In the wake of Hurricane Katrina, many people wonder what the government’s role is in emergency preparedness, and what they can do.
“Community and Catastrophe: Building the Best While Preparing for the Worst” is being presented by the Citizens League, The Onion newspaper and 89.3 The Current radio station Monday night at the Varsity Theater in Dinkytown.
United Way President and CEO Lauren Segal and Dan Johnson, executive director of Homeland Security for Minnesota, will speak at the event.
Steve Nelson, program director for The Current, said the presentation is meant “to get people together to talk about important issues in a casual setting.”
This presentation is part of the Policy and Pint series. Approximately 200 people showed up for the last presentation, which dealt with picking a U.S. Supreme Court justice.
This is meant to be interactive, said Sean Kershaw, executive director of the Citizens League, a nonprofit citizen-based organization that deals with public policy.
It’s supposed to be informational without being boring, he said. Each person is going to talk for 10 minutes, and then it’s open to discussion.
The event will focus on what the Twin Cities and real people can do to prepare for disaster, Kershaw said.
Mary Walker, a spokeswoman for the U.S. Department of Homeland Security’s Federal Emergency Management Agency said the government has many roles in emergency preparedness.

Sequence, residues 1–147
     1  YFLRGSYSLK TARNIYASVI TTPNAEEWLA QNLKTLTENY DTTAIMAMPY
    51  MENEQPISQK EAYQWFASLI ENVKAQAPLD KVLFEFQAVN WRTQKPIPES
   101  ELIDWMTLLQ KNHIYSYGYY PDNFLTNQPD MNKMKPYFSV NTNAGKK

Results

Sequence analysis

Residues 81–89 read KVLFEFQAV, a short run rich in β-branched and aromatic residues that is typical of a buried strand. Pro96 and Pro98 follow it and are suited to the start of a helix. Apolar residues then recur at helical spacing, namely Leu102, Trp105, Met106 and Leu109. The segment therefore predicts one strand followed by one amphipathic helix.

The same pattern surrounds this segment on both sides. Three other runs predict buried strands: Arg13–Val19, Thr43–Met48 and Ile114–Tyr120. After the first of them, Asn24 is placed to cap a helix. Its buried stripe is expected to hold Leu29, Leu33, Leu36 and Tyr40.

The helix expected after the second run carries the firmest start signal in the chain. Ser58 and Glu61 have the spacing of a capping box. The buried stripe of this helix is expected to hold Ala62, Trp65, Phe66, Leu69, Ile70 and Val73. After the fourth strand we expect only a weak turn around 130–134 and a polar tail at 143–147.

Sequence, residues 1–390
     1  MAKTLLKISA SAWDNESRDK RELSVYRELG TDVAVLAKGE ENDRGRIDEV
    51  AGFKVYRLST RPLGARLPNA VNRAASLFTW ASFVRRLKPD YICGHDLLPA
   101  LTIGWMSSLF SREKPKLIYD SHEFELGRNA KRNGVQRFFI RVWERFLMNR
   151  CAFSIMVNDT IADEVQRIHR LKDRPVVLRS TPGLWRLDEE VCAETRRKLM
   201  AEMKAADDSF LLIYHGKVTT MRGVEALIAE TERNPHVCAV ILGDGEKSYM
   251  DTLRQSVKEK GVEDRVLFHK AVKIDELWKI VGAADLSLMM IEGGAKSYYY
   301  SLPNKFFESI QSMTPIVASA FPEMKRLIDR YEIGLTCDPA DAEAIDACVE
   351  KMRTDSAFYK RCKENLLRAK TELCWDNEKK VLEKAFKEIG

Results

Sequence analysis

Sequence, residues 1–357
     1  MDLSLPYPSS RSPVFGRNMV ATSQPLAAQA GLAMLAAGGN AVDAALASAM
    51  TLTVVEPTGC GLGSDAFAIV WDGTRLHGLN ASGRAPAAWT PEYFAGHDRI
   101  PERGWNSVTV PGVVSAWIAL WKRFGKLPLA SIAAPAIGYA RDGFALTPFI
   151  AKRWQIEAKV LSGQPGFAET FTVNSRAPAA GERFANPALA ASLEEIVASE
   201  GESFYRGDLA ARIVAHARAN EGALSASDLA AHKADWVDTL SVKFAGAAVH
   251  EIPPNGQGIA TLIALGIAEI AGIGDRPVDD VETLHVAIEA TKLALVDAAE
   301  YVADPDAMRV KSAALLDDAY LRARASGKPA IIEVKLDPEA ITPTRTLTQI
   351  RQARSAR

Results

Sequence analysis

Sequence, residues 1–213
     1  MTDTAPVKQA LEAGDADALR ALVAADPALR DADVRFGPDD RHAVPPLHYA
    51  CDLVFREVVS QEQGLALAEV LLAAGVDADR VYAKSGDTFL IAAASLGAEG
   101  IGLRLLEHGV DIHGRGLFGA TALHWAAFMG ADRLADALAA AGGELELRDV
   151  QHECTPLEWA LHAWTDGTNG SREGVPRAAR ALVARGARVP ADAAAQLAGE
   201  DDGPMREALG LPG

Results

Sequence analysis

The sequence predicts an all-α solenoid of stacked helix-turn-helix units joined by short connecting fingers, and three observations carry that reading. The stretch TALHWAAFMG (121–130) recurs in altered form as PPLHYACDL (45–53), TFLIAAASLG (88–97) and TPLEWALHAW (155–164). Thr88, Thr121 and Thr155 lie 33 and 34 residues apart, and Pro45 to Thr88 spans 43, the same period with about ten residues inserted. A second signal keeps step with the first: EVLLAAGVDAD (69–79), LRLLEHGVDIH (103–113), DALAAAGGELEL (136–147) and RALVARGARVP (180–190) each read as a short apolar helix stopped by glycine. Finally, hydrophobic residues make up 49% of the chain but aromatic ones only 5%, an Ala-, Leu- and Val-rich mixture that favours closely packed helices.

They give support training for first responders, provide grants for equipment and oversee exercises dealing with different disaster scenarios, Walker said.
The government is encouraging citizens to adopt the National Incident Management System, she said. It’s a plan for first responders to work together more efficiently.
Barb Fonkert, the natural disaster planner for the Minnesota Department of Public Safety, a division of Homeland Security and Emergency Management, said Minnesota has to be prepared for a variety of natural disasters, such as tornadoes and floods.
But the agency also has plans for airplane crashes, chemical spills, emergencies at power plants and acts of terrorism that could cause problems involving biological agents and viruses.
Fonkert said if there is time to react when a “bad thing” is about to happen, the government will issue warnings over the radio and there will be warning sirens.
No matter what kind of emergency, the plan is always the same, but the resources are different.
A warning goes out, there is a response to the warning and then government resources are deployed, Fonkert said.
Jacqui Getty, a public relations manager at the Greater Twin Cities United Way, said Lauren Segal will be talking about the ways volunteers can coordinate their efforts.
In the aftermath of Hurricane Katrina, “We took about 20,000 calls from people who wanted to help,” Getty said.
This is an opportunity to talk about what was done last time and what to do next time to make the efforts even better, Getty said.
Getty encouraged students to participate in the presentation.
Students can always help, Getty said.
Getty said she understands college students don’t always have the money to donate to relief efforts.
“(The) next best gift is the gift of time,” Getty said. “If you look for volunteer opportunities, they’re always there.”
At the event, doors open at 5:30 p.m. and students get in for $5, all other tickets are $10.